Well if you know anything about color and the olden days of quilt making, you will already be shaking your head because you know that as soon as the teacher saw all that YELLOW fabric, she cringed and proceeded loudly to tell me how yellow was one of ‘those colors’ that should only be used sparingly if at all.  I felt like a failure already, and I hadn’t cut a single piece of fabric.  All of the other students chose perfect fabrics but me.  I’m still a little surprised that I didn’t cave in and do what the teacher recommended – pick another color other than yellow for my main fabric, but the more I looked at that yellow (and it’s such a soft pretty yellow), the more I loved it.  All I could think about was Tracy being able to see the shade differences.  I dug my heels in and said I wanted to use what I had picked out and the discussion was graciously dropped.

Our templates now dry; we are instructed to cut them out using our paper scissors.  This was not an easy chore I’ll tell you, but we all persevered until the first block was all cut out.  Now, if you can believe it, I still have all of my original pattern pieces that I made for the PTTD’s quilt.  Would you like to see a picture?  Okay, it’s not hard to twist my arm, here is the first block — Pine Tree.

 Pine Tree

We are told the class is over but our work was not because we were to go home and wash and iron all of the fabric we had just purchased.  The first law of quilting was that all fabric MUST BE WASHED before using.  Oh shoot, I’m not ready to go home yet.  We didn’t get to cut any fabric.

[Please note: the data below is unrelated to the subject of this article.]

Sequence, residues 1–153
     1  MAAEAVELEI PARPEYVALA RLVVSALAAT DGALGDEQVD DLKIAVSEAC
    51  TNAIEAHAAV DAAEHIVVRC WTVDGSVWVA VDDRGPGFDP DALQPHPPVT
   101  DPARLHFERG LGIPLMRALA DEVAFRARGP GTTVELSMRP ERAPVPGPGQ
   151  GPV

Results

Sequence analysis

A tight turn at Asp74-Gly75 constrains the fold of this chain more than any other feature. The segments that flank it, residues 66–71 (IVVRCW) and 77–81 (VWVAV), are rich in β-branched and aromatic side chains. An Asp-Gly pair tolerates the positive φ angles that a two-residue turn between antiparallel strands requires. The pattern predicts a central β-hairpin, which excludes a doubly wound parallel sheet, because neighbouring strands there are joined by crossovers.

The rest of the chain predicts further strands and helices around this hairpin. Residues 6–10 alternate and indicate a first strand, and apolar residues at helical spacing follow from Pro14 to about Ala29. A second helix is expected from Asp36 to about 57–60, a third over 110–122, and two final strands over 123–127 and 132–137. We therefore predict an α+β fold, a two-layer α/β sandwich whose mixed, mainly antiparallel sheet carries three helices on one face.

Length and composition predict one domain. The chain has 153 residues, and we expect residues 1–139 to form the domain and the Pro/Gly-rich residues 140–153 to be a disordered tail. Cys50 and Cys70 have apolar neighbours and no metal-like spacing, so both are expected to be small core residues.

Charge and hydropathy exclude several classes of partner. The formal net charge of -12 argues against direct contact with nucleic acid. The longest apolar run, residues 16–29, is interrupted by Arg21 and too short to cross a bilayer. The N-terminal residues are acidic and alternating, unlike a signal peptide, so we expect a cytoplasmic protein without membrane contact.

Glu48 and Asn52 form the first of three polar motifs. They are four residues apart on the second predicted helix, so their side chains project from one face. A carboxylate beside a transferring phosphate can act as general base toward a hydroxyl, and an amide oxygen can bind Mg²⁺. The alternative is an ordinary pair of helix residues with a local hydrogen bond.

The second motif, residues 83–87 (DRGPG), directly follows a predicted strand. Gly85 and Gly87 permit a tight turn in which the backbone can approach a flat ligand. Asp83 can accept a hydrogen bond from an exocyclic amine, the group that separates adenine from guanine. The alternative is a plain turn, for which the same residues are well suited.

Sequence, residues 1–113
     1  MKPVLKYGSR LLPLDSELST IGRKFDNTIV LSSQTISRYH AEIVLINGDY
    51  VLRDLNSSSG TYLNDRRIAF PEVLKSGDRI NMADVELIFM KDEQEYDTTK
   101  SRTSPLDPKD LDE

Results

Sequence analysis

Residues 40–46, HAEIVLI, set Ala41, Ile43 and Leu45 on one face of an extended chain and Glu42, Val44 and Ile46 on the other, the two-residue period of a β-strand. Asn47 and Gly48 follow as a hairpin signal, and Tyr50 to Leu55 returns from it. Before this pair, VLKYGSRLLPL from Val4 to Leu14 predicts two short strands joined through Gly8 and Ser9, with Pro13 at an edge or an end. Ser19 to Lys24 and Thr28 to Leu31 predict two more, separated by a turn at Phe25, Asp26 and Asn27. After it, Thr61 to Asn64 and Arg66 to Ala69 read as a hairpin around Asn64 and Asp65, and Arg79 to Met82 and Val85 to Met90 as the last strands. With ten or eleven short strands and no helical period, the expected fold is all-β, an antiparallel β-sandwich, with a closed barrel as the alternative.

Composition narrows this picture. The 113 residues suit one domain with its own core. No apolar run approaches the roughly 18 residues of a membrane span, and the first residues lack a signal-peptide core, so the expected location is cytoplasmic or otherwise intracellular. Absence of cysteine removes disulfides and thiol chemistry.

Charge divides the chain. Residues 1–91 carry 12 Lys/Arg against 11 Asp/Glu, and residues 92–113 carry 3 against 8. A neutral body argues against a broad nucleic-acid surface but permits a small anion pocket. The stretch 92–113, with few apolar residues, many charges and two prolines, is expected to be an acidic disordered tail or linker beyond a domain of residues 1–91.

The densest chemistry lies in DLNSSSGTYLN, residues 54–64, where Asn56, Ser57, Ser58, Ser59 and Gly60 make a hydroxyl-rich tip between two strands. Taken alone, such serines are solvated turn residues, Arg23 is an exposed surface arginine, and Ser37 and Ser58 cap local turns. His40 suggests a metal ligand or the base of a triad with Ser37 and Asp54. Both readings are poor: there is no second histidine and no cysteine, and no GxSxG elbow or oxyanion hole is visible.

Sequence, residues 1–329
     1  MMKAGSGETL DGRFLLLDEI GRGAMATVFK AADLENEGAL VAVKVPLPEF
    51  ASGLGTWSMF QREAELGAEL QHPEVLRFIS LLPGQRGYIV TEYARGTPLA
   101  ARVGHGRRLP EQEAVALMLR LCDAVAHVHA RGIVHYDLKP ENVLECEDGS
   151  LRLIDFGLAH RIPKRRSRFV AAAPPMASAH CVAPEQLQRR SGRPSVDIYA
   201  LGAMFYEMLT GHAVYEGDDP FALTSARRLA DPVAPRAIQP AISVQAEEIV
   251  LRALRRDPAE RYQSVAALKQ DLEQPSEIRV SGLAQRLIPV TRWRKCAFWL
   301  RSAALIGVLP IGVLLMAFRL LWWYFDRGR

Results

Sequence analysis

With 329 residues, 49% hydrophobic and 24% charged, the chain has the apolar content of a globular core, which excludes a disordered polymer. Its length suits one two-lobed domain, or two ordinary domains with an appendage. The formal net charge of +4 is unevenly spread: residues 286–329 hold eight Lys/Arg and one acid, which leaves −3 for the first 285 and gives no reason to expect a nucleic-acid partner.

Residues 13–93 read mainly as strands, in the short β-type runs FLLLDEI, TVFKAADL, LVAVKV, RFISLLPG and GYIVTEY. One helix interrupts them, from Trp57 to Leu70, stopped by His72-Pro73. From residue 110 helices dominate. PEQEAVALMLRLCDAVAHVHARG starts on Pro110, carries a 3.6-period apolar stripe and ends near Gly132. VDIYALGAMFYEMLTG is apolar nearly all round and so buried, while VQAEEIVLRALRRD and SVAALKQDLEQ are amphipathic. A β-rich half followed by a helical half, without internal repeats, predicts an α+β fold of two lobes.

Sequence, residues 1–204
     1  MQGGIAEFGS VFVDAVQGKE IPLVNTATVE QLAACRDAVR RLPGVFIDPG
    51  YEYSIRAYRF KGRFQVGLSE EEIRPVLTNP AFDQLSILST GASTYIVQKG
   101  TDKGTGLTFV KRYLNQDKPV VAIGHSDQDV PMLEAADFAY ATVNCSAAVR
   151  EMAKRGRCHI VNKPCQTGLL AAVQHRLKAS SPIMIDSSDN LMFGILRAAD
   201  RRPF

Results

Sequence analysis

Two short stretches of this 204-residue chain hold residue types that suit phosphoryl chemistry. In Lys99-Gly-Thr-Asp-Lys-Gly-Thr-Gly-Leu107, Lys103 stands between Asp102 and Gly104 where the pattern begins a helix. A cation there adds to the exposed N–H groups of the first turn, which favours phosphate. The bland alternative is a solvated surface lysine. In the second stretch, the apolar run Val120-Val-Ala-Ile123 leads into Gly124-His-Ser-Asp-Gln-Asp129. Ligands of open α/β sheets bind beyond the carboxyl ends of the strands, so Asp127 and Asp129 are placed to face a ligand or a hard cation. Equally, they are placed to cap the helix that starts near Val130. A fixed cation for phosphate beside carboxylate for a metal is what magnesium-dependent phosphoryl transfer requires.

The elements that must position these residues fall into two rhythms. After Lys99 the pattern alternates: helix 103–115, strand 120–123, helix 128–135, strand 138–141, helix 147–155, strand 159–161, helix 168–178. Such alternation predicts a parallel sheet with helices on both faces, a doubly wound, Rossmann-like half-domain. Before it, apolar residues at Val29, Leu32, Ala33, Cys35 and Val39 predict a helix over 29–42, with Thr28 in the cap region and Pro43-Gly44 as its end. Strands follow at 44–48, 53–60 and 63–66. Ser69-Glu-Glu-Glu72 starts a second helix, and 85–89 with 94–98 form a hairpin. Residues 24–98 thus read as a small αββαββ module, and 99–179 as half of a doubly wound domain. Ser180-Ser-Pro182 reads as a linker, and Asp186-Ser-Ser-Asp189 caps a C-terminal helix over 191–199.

The good news is she told us to be prepared because next class we get to cut out our first block and begin sewing.  She reminded us that we needed to buy a certain type of sewing needle and that’s when it really clicked in my mind that this quilt would not be sewn together using a sewing machine — I was the sewing machine.  Oh no….no sewing machine!  There was no way I was going to tell her that I had previously sewn quilts using a sewing machine.  Maybe that’s why my quilts didn’t look like the ones on the wall.  With much more determination than I started with, I knew this quilt was going to be my treasure because after all – I’m now learning how to do it correctly.

Her last reminder was to bring a clean pillowcase with us to the next class.  I didn’t ask why – just scribbled notes and loaded up my first official ‘stash’ into the car as I’m grinning ear-to-ear now because next week I get to cut and sew!  Albeit, it will be hand sewing but still it will be sewing and with all quilt store bought 100 percent cotton fabric that I must now go wash and iron.  Aargh!

Part 3:  Process.